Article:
THE DEATH PENALTY’S “FINELY TUNED DEPRAVITY CALIBRATORS” Fairness Follies of Fairness Phonies Fixated on Criminals Instead of Crimes — PART V

For naïve followers, the notion that capital punishment is unfair is an uncritically accepted faith based on logical fallacies, unwarranted assumptions and insupportable assertions. For knowing leaders, the demand for fairness is a cynical ploy intended to abolish the penalty rather than make it fair. 


NOTE: It is the reader’s choice whether to consult or disregard the many links below. The main goal here is to be easily understood, while providing proof for those who might think that what follows is fiction. This is written to enable easy reading without looking at the links.                                                                       Where possible, links are provided directly to specific locations within linked items. Otherwise, if available, specific page or part numbers within linked items are provided in parentheses next to links. Nearly all items are freely accessible.


              “The Court thus assumes the role of a finely tuned calibrator of depravity….”                                                                                                                                                                                                                                                      Justice Byron White

                        (b) Phony Fairness to Victims: Exception to the Rule.

                                    Fairness Phonies make an exception to their opposition to victim impact evidence, professing to care about select victims.  Although they fear victim impact evidence due to the barbaric harm it can demonstrate, they have a backup claim. They “worry” that it is, yes again, “unfair” – unfair to victims who allegedly suffered less if evidence is admitted about victims who suffered more. They deplore the prospect of placing a higher value on some victims than others (39:33).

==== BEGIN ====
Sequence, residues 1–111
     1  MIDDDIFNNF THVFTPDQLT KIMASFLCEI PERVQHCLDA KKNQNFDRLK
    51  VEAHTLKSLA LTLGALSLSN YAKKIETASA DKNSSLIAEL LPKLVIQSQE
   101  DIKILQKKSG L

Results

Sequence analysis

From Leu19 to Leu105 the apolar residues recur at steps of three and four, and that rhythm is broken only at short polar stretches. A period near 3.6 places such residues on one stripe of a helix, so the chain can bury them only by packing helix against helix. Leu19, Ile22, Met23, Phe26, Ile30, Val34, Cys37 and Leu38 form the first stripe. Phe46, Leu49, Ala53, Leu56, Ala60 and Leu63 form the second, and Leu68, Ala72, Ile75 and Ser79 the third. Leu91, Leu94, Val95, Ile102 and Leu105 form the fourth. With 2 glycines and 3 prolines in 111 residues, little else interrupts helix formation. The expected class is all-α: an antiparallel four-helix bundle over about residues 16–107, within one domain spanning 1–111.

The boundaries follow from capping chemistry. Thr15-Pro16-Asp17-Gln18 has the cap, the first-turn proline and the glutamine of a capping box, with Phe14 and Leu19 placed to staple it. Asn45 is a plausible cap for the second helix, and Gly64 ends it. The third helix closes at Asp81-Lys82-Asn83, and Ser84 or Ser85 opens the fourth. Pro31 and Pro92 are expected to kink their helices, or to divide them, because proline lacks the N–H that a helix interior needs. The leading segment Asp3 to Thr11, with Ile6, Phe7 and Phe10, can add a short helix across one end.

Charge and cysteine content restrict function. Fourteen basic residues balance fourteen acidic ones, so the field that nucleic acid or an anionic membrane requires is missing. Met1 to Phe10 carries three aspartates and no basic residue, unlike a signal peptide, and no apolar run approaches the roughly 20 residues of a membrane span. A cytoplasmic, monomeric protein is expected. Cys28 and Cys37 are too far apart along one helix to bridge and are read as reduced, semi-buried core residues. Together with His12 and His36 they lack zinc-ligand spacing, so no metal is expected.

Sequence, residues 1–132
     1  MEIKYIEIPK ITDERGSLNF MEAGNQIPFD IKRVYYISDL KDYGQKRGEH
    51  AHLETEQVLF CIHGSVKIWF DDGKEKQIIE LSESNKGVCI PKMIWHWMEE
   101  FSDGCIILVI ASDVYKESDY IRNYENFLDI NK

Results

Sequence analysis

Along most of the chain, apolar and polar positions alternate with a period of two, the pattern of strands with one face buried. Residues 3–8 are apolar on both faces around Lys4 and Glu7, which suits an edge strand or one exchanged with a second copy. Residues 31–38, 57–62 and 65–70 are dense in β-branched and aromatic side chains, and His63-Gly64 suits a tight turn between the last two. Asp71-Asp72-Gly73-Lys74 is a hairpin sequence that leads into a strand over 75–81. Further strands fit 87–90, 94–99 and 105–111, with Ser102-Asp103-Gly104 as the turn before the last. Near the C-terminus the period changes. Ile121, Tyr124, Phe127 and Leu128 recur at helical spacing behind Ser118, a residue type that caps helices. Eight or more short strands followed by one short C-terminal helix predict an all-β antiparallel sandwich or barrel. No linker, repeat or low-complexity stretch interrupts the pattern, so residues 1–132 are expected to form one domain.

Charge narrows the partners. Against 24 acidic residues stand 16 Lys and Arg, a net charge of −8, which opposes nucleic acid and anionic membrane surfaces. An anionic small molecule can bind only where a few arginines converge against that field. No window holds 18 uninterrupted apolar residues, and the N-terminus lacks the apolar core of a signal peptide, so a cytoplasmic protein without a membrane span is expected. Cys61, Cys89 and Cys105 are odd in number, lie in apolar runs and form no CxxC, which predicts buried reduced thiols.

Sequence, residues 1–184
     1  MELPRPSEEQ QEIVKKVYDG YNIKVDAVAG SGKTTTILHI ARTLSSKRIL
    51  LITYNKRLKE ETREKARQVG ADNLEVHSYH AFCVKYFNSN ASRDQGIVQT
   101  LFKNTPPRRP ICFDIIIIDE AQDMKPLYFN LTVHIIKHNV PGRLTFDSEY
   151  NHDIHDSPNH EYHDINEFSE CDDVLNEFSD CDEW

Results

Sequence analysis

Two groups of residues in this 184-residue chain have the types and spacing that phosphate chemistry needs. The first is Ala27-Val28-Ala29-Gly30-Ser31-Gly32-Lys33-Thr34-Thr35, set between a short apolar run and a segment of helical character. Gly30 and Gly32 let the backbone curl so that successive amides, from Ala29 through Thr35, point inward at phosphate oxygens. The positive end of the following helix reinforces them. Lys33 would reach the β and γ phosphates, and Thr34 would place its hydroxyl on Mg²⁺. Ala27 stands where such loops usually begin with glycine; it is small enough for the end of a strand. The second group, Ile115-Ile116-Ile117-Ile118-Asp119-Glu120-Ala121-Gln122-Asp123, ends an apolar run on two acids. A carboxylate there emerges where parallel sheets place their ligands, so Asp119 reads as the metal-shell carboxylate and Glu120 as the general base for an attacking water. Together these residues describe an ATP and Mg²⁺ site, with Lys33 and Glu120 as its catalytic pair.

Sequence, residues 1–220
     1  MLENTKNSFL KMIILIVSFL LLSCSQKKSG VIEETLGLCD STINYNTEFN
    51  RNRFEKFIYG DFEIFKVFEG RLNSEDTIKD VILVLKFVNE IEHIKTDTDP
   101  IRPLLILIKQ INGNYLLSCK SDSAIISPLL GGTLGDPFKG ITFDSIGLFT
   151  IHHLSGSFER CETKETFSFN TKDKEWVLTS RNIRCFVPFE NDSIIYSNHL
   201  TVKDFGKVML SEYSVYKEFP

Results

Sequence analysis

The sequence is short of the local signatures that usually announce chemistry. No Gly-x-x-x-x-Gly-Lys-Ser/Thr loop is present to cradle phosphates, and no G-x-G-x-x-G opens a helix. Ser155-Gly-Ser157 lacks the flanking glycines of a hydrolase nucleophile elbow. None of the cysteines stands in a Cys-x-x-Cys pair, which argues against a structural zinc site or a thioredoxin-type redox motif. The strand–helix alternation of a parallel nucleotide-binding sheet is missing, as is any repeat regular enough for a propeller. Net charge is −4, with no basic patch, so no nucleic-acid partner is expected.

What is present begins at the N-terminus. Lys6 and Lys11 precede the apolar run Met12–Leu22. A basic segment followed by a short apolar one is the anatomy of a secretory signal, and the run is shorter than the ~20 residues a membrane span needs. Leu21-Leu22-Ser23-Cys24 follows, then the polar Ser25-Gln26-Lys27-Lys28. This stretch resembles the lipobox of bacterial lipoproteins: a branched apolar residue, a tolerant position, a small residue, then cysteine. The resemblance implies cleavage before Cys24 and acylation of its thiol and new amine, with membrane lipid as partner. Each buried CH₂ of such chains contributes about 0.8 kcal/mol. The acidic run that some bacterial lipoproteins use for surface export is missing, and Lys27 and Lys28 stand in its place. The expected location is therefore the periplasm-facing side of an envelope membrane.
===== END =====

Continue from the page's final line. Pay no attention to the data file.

This professed concern rings hollow for several reasons.

First, the overriding objective is always to save murderers by wielding whatever conflicting rationales are necessary from case to case. Thus their champions also strive to keep out evidence about hapless victims leaving no one to mourn. But Chief Justice Rehnquist pointed out:

[V]ictim impact evidence is not offered to encourage comparative judgments … for instance, that the killer of a hardworking, devoted parent deserves the death penalty, but that the murderer of a reprobate does not. It is designed to show, instead, each victim’s “uniqueness as an individual human being,” whatever the jury might think the loss to the community resulting from his death might be. [One case excluded evidence that] the victim was an out-of-work, mentally handicapped individual, perhaps not, in the eyes of most, a significant contributor to society, but nonetheless a murdered human being.

It was justices such as Brennan, Marshall and Stevens who rigidly insisted that a convicted murderer be allowed to present any “mitigating” evidence showing his “uniqueness as an individual human being” but that such evidence regarding the victim should be strictly prohibited – regardless of the victim’s status.

            That “one-sided … moral judgment” is fairness?!                                                                    

            Second, on Nightline January 25, 1984, Alan Dershowitz complained:

[W]e … focus [too much] on victims … [I]t is very important to focus on the defendant and … away from the victim …We shouldn’t evaluat[e] criminals by the fortuities of who they happen to kill…. [T]he defendant is the same; the act is the same; and the culpability is the same.

However, those with this view also distinguish attempted from successful murder despite the act and intent being the same. If sincere, they would agree that any act intending to kill unlawfully should be a capital crime and not depend on the victim’s luck, health, ingenuity and medical care. But when a victim fails to die despite the best effort to murder him, Fairness Phonies have great interest in the culprit’s impact on his victim.

            (The differing harm and grief caused by convicted murderers is an agonizingly gut-wrenching matter. It must and will be further addressed (Part X), especially in light of the following point.)